Are Edge Phones the Way of the Future? And What’s that Edge For??!

by Dan Forster - , Last Updated on February 14, 2015, Thoughts

Samsung’s Galaxy Note Edge has been on shelves for a couple of months now, and by all accounts is rapidly becoming a must have device. But is this just another gimmick? As smart phones become more and more similar, manufacturers are looking for ways to make themselves stand out. We’ve seen curved screens from LG, the standardisation of waterproof mobiles from Sony with their Xperia series. So what of this Edge? We’re taking a close look at the Galaxy Edge to see if this is really the way of the future or just another useless feature. And what is that Edge for anyway?!

The Note Edge Basics

Before we get to the star feature, let’s take a look first at what the Galaxy Note Edge is all about. And it has to be said that edge or no edge, the Note Edge is bringing some impressive specs to the table. A quad core 2.7 GHz processor and 3 GB of RAM make for a speedy and responsive device. A 5.6 inch Super AMOLED screen makes for second to none picture quality. A 16 MP rear facing camera and a 3.7 MP front facing video chat camera mean that photo quality is great too. All in all, Samsung have given us the kind of device that they’re famous for: high spec, excellent performance and good looking to boot.

And that could be part of the problem. It’s tough to say whether the Note Edge is selling well because it’s innovative and that edge is a selling point, or whether it’s selling well because it’s just a great phablet with solid specs. That being said, consumers do have the option of going with the Galaxy Note 4, which is fairly similar in the spec stakes. So maybe we need to look at that edge after all…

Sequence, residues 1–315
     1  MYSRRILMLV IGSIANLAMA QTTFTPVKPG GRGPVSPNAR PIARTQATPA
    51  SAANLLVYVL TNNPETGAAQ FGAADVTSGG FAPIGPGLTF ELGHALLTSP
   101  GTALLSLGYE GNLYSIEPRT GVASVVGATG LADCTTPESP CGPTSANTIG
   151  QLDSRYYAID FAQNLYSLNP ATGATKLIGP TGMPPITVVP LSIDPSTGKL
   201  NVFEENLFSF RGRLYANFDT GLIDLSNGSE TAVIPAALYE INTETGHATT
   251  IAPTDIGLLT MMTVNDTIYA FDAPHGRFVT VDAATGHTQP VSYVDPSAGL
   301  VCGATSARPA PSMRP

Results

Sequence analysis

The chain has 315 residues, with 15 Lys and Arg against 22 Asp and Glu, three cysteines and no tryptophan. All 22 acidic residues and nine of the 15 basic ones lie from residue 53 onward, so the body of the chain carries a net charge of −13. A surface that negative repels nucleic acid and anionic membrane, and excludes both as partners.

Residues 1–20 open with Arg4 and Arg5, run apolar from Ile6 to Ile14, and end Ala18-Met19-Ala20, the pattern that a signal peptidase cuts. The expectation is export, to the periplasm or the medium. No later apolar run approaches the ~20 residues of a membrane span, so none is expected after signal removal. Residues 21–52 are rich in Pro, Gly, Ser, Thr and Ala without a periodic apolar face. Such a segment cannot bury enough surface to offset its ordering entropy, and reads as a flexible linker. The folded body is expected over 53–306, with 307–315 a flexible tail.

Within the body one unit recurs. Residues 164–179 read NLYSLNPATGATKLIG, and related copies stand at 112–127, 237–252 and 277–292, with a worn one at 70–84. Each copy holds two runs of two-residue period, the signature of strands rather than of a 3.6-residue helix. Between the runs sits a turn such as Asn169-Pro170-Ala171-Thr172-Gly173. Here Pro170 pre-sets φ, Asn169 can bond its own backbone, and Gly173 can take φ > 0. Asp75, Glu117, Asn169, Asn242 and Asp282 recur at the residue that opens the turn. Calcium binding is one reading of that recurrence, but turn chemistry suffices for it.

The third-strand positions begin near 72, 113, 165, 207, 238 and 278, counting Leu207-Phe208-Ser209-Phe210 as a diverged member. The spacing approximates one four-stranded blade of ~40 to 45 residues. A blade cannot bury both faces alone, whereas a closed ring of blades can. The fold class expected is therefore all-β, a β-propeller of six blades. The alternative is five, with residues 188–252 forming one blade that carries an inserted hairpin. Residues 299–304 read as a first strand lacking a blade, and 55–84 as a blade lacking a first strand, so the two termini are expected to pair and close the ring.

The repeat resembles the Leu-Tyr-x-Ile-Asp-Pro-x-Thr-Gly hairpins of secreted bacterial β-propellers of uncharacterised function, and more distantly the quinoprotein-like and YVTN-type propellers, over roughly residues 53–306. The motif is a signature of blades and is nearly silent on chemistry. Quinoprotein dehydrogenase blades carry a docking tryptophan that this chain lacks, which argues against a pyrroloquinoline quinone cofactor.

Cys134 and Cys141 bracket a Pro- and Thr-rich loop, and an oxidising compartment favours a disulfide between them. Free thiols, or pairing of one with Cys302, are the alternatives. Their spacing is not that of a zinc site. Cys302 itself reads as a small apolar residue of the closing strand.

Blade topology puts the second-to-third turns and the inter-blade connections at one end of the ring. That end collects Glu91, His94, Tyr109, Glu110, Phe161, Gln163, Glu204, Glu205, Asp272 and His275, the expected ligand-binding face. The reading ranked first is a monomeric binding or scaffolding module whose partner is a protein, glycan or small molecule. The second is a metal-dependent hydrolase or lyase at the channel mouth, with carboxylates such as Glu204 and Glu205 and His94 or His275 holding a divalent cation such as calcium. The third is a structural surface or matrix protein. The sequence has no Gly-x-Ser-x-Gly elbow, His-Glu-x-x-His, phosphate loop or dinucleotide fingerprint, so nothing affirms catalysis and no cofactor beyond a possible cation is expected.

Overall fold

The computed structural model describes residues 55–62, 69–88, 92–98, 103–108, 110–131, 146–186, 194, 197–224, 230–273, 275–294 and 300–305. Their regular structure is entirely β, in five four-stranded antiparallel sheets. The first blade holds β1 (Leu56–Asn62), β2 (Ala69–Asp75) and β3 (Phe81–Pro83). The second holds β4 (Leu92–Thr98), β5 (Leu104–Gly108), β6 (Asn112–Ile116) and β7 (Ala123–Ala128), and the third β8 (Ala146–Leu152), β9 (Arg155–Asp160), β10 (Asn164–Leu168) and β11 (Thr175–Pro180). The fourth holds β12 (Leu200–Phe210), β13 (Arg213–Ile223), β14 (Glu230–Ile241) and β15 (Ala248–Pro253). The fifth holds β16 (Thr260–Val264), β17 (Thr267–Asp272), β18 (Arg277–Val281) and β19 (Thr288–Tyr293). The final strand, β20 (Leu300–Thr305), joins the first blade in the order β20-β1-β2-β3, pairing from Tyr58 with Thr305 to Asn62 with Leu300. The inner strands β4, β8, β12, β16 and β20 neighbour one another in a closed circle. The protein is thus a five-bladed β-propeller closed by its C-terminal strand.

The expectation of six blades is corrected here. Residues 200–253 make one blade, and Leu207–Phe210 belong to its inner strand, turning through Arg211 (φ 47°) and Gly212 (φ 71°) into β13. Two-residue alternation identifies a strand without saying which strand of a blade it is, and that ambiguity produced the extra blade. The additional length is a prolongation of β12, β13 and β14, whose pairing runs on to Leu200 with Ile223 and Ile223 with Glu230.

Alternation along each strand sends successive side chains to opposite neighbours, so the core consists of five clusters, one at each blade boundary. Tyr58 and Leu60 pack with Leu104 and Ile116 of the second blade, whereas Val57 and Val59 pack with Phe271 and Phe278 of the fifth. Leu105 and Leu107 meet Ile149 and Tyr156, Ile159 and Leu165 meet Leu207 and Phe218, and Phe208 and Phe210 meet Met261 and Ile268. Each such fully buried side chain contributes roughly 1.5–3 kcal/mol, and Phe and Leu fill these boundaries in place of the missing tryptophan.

About the Edge

The edge is by far the most distinctive and noticeable feature of the Galaxy Edge, as you might expect. Basically, the right hand side of the screen continues and curves right around the edge of the phone, rather than stopping at the bevel as it would on a normal mobile. And that makes for something that looks and feels pretty space age. But what’s the point?

In basic terms the edge acts as a tool bar. You can design it to show what you want it to show, whether that’s your notifications, apps that you open most often, the time, or anything else that you’d like. You can even run a ticker along the edge, to keep up to date with the stock market or your Facebook feed. That’s all very well and good, but what is it really for? Does that edge offer you something that a normal phone notification bar or lock screen doesn’t?

What to Do With the Edge

The answer to that is both yes and no. Yes, there are some smart things you can do with the edge. Once you open the camera app, for example, camera controls move to the edge, meaning you can snap a picture with an edge icon, and your viewfinder is uncluttered. You can also use it in a similar way to control your music apps, with all the appropriate buttons appearing on the edge so that you can use your main screen for other things.